Kalieaswari Srinivasan, as Yalini is, in many ways, the heart of the story. She plays the character well, making her gruff and ruthless, but eventually gentle and kind. Jesuthasan Antonythasan holds the family unit together as Sheepan. It is clear this man has a secret or two of his own, but he seems to be the most compassionate toward his adopted daughter. Antonythasan also makes sure that Dheepan has a dark and dangerous side, which he uses to keep the family in check. Claudine Winasuthamby plays Illayaal as quiet and respectful, utterly bewildered by the new world she finds herself in, but not afraid to speak her mind. The rest of the cast is made up of Vincent Rottiers, Marc Zinga and Franck Falise.
Much like ‘Rust and Bone’, Audiard makes ‘Dheepan’ a story of trust and adjustment as this family get to know one another. Transplanted to Le Pré, Dheepan works as a caretaker in a complex home to violent gangs, although he keeps his head down and they accept his presence. Yalini finds herself getting deeper into the world of the gangs as she cares for an elderly man, and Illayaal struggles with the transition to school, and making friends. The story is slow moving, but emotionally engaging for much of the film, but everything comes together once war breaks out between rival gang members. This allows the audience to see the true colours of the characters we have been watching, and the decisions they make in order to survive.
As director, Audiard makes ‘Dheepan’ a family drama set against the backdrop of secrets, lies and an encroaching sense of danger. Although much of the film is slow moving, the human story being told is engaging enough to keep the audience rooting for this newly formed family. The final act of the film is an utter change in pace, and is jarring at first, but the emotional groundwork has been laid carefully enough for the audience to accept this sudden change in circumstance and energy.
In all, ‘Dheepan’ is the story of a family coming together and falling apart. The performances are strong and engaging, and although the final act is a sudden change in tempo, we learn enough about the characters in the first two acts for this to be accepted.
Review by Brogen Hayes
MIDNIGHT SPECIAL (USA/12A/112mins)
Directed by Jeff Nichols. Starring Michael Shannon, Kirsten Dunst, Joel Edgerton, Jaeden Lieberher, Adam Driver, Sam Shepard.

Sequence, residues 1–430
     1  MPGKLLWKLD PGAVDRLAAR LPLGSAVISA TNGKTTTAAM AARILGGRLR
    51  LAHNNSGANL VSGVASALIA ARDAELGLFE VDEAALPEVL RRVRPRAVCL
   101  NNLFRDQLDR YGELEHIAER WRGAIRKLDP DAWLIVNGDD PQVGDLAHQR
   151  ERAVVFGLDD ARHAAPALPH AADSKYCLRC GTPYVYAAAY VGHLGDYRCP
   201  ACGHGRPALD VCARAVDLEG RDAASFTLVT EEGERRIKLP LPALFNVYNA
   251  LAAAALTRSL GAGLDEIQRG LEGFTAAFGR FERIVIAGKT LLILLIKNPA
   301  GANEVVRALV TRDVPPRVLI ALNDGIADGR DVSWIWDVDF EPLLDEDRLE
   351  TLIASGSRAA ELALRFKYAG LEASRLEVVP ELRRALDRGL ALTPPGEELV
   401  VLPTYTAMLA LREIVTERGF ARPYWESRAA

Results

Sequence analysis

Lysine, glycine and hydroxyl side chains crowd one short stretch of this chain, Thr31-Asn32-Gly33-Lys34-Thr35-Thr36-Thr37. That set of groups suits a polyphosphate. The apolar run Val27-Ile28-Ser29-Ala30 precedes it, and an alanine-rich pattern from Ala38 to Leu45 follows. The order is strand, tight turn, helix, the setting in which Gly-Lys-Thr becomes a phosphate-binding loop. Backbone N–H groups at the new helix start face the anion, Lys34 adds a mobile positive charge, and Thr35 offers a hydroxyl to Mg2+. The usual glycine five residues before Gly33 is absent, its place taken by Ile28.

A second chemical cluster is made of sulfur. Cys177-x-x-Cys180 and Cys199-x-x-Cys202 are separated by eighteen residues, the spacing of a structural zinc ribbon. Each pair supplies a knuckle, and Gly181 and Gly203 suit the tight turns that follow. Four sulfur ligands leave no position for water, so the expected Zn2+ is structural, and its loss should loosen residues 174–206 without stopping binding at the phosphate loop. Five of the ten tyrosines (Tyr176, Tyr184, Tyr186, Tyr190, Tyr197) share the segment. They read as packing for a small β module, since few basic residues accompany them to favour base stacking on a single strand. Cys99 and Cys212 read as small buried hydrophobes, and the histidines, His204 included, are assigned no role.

THE PLOT: Alton (Jaeden Lieberher) is a special kid; endowed with otherworldly powers, it seems that everyone is looking for him, including a cult with a mysterious leader and the government. To protect his son from those who seek to take advantage of him, Roy (Michael Shannon) takes Alton on the road, seeking coordinates that Alton received from an unknown source.
THE VERDICT: Director Jeff Nichols returns with another small film with a big heart, that celebrates the magical eerie feeling of the Southern US, as well as the feeling that dusk is a time where anything could happen.
Michael Shannon leads the cast as the tenacious and gentle Roy; there is a wonderful kindness in the way he looks after his young son, and it is clear that this is a case of desperate times calling for desperate measures, but he never loses sight of what he has to do. As always, Shannon is engaging and slightly odd on screen, but brings Roy to life with warmth and care. Joel Edgerton plays Lucas, a friend helping Roy to save his son, Kirsten Dunst plays Alton’s mother Sarah and Adam Driver plays FBI Agent Paul Sevier. Jaeden Lieberher makes Alton quiet but engaging; there is an air of something magnetic about the character, and Sam Shepard turns up as the cult leader Calvin Meyer.
Jeff Nichols’ screenplay plays with the idea of the otherworldly feeling of dusk, and this is a time of day that recurs throughout the film, as well as this, Nichols once again takes a small, odd slice of Americana and blows it up to full size on the big screen, ready to be examined. This time it is the strange phenomenon of small, localised religions, and what happens to the people that find themselves at the centre of them. There is the feeling that Nichols enjoys the journey more than the destination here though, with the finale of the film feeling out of step with the two acts that go before it.